Our valuable volunteers make an enormous contribution to individual’s lives, families and communities throughout Scotland. With over 1.2 million people involved in formal volunteering, they contribute more than £2 billion to the Scottish economy every year. Volunteer Nancy, said ‘I’ve been volunteering with Crossroads for a couple of years and befriending has become such an important and wonderful part of my life which my befriendee and I both treasure’.
Crossroads Fife Chair, Murray Grubb said ‘The pandemic has changed the landscape so taking the time to thank our volunteers for their critical contribution and connection to the most vulnerable in our society is essential. We celebrate our volunteers and look forward to their full return.’
So, if you’re up to volunteering and helping someone feel more connected and less socially isolated and lonely, we’d love to hear from you: email@example.com, 01592 630253. ick here to edit.
The Audiology Department within the Victoria Hospital has relocated to Level 7 Tower Block, previously being located in Ward 13 Phase 2. At the moment they are running a reduced service. The contact number for the Audiology Hub is 01592 643355 Ext. 28355. The new e-mail address is firstname.lastname@example.org
We all hear about Covid on a daily basis but what happens when its you ...
I have a story to tell, does not seem right calling it a story when we lived it. Starting from the beginning.
My husband felt feverish and had a cough, his cough came off the back of tonsillitis 4 weeks previously. He phoned NHS24, they told him too self-isolate. Which meant our house was on lockdown for the 2 weeks. We chose to send our youngest daughter to live with our oldest daughter for 2 weeks, trying to minimise the risks. Our two boys live in their rooms 24/7 so us crossing paths was at a minimum. Our oldest son and his wife done our shopping and we got deliveries which was lifesaving.
For 10 days my husband slept, could not stay awake long enough to eat, he would nibble at something every other day. He got angry with me as I was making him drink. I got him to call the Dr five days after being unwell, as the virus was still new to them, they said try to keep drinking plenty fluids and keep isolating and if anything changes call back.
On day ten he said that he had diarrhoea, that was it for me. I phoned NHS 111, I was on hold for 1 hour 25 minutes, I explained how my husband was, they wanted to speak to him, he was told to sip water every 15 minutes, again if anything changes to call back. I told my husband that he has 2 hours to improve then I was calling back. He had been to the toilet eight times within six hours, I called back, this time I was on hold for 1 hour 56 minutes. Again, spoke to a Dr, this time they decided to send him to the covid-19 clinic in our local area.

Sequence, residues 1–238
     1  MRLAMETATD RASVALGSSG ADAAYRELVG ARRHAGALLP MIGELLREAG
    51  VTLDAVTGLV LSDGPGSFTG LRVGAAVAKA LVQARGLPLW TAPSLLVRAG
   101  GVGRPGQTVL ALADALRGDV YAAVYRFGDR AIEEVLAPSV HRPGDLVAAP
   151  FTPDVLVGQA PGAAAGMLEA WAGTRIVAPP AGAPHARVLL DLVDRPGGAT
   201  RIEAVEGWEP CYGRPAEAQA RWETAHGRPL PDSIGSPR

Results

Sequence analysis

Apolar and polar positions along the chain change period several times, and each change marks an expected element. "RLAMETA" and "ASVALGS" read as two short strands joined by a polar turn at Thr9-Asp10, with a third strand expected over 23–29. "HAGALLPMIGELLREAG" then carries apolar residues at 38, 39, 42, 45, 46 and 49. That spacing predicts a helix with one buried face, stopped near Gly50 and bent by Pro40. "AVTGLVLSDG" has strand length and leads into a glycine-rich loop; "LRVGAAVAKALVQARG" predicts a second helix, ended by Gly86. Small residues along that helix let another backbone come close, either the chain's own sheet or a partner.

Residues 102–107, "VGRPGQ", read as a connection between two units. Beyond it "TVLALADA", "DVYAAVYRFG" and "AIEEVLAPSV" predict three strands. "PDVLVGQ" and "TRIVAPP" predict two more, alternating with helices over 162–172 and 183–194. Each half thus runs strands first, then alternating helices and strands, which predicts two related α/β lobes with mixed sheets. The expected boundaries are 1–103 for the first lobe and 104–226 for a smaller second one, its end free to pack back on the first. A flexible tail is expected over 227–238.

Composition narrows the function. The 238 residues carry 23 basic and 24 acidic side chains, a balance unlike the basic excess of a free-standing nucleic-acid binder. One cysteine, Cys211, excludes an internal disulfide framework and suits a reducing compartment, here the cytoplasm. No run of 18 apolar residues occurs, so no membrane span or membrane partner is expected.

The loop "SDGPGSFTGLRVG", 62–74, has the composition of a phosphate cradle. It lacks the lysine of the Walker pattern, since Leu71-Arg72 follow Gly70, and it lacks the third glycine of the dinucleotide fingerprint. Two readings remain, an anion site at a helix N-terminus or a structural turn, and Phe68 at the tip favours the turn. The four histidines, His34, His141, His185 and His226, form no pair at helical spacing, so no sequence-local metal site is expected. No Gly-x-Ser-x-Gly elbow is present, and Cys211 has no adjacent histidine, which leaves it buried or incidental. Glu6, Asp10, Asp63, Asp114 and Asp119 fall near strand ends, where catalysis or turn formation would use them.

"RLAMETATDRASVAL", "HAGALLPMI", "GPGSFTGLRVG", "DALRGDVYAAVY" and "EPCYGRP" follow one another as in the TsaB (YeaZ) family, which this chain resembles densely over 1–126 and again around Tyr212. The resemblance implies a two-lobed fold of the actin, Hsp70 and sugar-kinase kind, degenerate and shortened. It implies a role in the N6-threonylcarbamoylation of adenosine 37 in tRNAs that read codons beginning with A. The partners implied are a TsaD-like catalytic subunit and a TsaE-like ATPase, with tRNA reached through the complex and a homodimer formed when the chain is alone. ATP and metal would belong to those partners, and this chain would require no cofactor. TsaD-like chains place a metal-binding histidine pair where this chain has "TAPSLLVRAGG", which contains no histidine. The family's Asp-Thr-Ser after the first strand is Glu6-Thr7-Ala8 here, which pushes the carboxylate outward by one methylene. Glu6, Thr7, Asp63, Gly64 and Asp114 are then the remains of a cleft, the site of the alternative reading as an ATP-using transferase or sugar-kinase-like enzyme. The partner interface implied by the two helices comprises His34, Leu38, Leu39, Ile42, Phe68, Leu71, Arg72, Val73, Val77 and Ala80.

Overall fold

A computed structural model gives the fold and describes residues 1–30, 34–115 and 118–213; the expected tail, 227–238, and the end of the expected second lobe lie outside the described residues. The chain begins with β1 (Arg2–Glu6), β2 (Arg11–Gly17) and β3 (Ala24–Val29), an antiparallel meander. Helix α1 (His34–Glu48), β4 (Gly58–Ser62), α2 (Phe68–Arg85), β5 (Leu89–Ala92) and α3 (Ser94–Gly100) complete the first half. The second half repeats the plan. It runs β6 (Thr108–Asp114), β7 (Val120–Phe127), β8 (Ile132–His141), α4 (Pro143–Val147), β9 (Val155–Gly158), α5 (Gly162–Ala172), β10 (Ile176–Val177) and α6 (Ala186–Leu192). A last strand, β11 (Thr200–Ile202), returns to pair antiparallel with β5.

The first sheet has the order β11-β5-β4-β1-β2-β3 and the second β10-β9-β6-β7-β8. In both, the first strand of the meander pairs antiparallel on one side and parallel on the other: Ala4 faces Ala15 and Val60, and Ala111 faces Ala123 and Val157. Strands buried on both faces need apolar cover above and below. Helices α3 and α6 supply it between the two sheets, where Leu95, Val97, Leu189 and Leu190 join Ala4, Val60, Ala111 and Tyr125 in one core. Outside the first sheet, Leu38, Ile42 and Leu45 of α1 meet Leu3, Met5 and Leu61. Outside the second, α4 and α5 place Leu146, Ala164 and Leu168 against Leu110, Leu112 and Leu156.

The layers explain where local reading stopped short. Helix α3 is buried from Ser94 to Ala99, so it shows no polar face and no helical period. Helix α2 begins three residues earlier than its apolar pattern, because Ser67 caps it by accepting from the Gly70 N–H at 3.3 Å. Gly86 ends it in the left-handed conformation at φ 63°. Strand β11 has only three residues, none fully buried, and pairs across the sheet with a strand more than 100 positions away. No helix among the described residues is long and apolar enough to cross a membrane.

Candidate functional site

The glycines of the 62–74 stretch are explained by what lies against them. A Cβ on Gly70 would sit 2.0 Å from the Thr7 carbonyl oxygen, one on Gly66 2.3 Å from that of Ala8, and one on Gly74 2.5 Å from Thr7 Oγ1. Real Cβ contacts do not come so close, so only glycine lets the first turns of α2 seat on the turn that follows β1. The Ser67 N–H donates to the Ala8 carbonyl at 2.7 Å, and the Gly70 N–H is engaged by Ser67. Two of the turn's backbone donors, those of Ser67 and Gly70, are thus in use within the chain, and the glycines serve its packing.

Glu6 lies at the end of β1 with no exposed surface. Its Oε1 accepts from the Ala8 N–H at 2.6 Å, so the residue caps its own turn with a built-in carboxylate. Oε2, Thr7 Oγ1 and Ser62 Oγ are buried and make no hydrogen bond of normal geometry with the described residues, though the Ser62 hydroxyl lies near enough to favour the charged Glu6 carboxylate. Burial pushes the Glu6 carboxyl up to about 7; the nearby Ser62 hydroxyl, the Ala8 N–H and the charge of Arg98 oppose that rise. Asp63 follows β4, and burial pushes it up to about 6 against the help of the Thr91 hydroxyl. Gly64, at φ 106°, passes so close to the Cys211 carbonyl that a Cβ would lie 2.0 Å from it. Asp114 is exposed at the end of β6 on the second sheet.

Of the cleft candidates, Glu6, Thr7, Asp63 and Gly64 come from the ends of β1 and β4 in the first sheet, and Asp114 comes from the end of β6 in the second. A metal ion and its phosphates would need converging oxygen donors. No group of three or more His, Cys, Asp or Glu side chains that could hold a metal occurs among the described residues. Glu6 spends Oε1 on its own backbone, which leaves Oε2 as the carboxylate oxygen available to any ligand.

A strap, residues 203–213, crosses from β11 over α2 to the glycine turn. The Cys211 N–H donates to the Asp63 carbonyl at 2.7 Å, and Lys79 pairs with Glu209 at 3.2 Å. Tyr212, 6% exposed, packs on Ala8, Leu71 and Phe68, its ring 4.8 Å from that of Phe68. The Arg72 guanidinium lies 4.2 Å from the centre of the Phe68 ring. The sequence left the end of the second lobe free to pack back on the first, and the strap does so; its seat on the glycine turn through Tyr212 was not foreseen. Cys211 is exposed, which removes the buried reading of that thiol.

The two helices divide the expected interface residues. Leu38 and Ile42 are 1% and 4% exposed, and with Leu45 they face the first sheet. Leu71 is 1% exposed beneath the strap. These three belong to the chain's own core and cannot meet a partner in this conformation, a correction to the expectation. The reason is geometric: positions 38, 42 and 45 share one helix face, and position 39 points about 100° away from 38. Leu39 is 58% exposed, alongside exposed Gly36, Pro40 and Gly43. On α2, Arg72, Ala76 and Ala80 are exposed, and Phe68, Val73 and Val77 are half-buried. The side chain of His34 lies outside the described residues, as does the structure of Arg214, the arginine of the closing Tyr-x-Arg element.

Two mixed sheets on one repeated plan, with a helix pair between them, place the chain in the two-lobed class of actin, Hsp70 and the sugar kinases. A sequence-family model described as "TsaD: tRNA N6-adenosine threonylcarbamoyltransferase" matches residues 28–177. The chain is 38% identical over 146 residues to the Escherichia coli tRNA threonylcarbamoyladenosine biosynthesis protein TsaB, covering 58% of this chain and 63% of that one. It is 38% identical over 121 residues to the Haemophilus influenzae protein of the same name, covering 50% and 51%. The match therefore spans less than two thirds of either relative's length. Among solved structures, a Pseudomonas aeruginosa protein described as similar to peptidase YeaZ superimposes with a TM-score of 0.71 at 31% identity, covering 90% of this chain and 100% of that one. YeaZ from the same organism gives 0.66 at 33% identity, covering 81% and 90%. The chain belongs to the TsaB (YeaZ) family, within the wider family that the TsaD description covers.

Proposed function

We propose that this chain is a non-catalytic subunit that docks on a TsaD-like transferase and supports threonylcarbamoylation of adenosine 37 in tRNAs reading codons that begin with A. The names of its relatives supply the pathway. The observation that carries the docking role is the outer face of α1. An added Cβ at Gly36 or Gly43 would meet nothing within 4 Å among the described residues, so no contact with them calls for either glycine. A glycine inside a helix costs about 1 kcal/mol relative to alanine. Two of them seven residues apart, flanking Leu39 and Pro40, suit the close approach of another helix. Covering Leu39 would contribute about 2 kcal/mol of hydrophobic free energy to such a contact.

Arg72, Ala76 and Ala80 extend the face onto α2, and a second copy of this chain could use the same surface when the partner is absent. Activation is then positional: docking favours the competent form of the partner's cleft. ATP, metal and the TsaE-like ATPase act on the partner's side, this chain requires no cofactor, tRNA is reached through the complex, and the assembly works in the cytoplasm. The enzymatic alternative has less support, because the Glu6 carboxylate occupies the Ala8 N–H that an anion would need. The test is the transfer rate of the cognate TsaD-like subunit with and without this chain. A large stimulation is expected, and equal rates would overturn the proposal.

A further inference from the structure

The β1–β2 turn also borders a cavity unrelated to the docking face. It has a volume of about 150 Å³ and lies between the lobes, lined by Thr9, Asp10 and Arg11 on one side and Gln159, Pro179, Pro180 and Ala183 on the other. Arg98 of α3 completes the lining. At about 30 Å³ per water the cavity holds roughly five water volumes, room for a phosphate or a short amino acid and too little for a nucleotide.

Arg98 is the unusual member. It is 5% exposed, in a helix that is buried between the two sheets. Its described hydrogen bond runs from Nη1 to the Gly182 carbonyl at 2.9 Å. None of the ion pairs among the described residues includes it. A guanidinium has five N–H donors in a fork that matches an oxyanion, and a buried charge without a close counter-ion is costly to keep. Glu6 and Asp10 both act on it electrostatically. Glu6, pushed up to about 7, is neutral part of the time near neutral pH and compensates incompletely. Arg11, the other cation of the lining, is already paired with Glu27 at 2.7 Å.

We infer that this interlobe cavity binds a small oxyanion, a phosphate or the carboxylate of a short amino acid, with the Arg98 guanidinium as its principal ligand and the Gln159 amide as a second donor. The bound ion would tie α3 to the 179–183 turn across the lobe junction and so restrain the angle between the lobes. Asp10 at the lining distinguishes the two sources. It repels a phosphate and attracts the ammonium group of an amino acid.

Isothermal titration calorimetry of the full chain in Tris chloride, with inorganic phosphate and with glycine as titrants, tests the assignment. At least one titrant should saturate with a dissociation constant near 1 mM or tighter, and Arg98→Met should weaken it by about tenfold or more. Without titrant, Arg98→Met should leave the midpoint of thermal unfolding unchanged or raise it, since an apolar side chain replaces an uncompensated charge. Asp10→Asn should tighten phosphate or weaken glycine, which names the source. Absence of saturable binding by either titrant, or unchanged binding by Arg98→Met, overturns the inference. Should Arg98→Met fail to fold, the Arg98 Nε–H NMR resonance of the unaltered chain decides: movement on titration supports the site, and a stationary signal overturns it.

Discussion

I took him to the clinic, I had to wait outside. My husband had to wear a face mask before entering. He was the very first patient through the covid-19 clinic doors. They said he was getting transferred to the hospital via ambulance. I was not allowed to go with him, I was told to go home. In that moment panic set in. Thoughts We're going round my head, what happens now, will they test him and send him home. How wrong was I.
An hour or so later the hospital called, it was the Dr, he said that he phoned me as they did not want to stress my husband's breathing. I was told that in the best interest of my husband they were going to put him in an induced coma. Instantly I broke down crying. I asked why, the Dr said that his blood pressure was dangerously low and he wasn't getting enough oxygen and that his lungs were a mirror image of each other with masses all over them. That became the start of my 2-hour phone calls to family.
Everyday myself and my father-in-law would phone the hospital for updates at least 3 times a day/evening. Telling the kids was extremely hard, I could not hold the tears in, I was terrified. Before my husband was put to sleep, he text me telling me he was scared, I couldn't let him know how scared I was. I said he would be ok and needed the rest to get back on his feet.